Isaac, congratulating himself on such a fortunate shot—for rarely indeed does a deer fall dead in his tracks even when shot through the heart—rose from his crouching position and commenced to reload his rifle. With great care he poured the powder into the palm of his hand, measuring the quantity with his eye—for it was an evidence of a hunter's skill to be able to get the proper quantity for the ball. Then he put the charge into the barrel. Placing a little greased linsey rag, about half an inch square, over the muzzle, he laid a small lead bullet on it, and with the ramrod began to push the ball into the barrel.
A slight rustle behind him, which sounded to him like the gliding of a rattlesnake over the leaves, caused him to start and turn round. But he was too late. A crushing blow on the head from a club in the hand of a brawny Indian laid him senseless on the ground.
When Isaac regained his senses he felt a throbbing pain in his head, and then he opened his eyes he was so dizzy that he was unable to discern objects clearly. After a few moments his sight returned. When he had struggled to a sitting posture he discovered that his hands were bound with buckskin thongs. By his side he saw two long poles of basswood, with some strips of green bark and pieces of grapevine laced across and tied fast to the poles. Evidently this had served as a litter on which he had been carried. From his wet clothes and the position of the sun, now low in the west, he concluded he had been brought across the river and was now miles from the fort. In front of him he saw three Indians sitting before a fire. One of them was cutting thin slices from a haunch of deer meat, another was drinking from a gourd, and the third was roasting a piece of venison which he held on a sharpened stick. Isaac knew at once the Indians were Wyandots, and he saw they were in full war paint. They were not young braves, but middle aged warriors. One of them Isaac recognized as Crow, a chief of one of the Wyandot tribes, and a warrior renowned for his daring and for his ability to make his way in a straight line through the wilderness. Crow was a short, heavy Indian and his frame denoted great strength. He had a broad forehead, high cheek bones, prominent nose and his face would have been handsome and intelligent but for the scar which ran across his cheek, giving him a sinister look.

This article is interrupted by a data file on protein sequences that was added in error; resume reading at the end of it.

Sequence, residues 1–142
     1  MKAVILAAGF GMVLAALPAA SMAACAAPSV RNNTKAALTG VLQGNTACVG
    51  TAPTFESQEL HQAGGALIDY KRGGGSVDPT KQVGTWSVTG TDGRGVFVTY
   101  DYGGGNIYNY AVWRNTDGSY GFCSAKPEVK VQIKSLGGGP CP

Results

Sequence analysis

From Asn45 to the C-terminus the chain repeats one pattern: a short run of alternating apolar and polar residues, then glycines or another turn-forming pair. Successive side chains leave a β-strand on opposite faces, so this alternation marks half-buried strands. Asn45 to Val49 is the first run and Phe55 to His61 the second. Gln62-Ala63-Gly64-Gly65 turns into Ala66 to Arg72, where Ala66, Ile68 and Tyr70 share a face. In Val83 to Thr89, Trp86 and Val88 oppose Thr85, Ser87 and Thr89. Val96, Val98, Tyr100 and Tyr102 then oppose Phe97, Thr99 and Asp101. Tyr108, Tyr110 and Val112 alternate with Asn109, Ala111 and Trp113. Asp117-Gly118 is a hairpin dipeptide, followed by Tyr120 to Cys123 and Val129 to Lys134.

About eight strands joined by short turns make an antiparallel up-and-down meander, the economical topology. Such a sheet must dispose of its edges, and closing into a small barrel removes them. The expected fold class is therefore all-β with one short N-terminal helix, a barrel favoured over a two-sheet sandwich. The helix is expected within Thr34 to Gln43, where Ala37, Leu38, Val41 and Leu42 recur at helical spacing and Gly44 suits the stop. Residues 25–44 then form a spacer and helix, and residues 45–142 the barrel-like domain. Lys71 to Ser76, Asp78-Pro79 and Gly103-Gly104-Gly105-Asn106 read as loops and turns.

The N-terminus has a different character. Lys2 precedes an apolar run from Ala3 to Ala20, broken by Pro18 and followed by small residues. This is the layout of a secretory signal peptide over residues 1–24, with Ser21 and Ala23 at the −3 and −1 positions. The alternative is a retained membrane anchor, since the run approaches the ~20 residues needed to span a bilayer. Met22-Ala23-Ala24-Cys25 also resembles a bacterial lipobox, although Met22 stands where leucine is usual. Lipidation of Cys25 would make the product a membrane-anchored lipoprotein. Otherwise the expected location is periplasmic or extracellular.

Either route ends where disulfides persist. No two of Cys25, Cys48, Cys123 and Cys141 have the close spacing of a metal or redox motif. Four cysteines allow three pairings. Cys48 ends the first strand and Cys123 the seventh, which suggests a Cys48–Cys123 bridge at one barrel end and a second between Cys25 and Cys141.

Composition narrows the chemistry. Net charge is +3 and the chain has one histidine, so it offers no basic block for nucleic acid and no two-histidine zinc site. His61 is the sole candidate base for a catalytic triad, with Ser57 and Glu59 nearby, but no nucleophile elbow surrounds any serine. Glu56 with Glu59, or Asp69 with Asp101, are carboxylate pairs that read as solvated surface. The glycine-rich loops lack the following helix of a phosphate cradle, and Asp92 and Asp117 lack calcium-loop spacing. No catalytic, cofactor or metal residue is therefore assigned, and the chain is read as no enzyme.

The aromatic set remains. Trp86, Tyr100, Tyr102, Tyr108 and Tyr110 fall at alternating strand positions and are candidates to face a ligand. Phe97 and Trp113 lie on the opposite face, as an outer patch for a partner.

"Hugh!" said Crow, as he looked up and saw Isaac staring at him. The other Indians immediately gave vent to a like exclamation.
"Crow, you caught me again," said Isaac, in the Wyandot tongue, which he spoke fluently.
"The white chief is sure of eye and swift of foot, but he cannot escape the Huron. Crow has been five times on his trail since the moon was bright. The white chief's eyes were shut and his ears were deaf," answered the Indian loftily.
"How long have you been near the fort?"
"Two moons have the warriors of Myeerah hunted the pale face."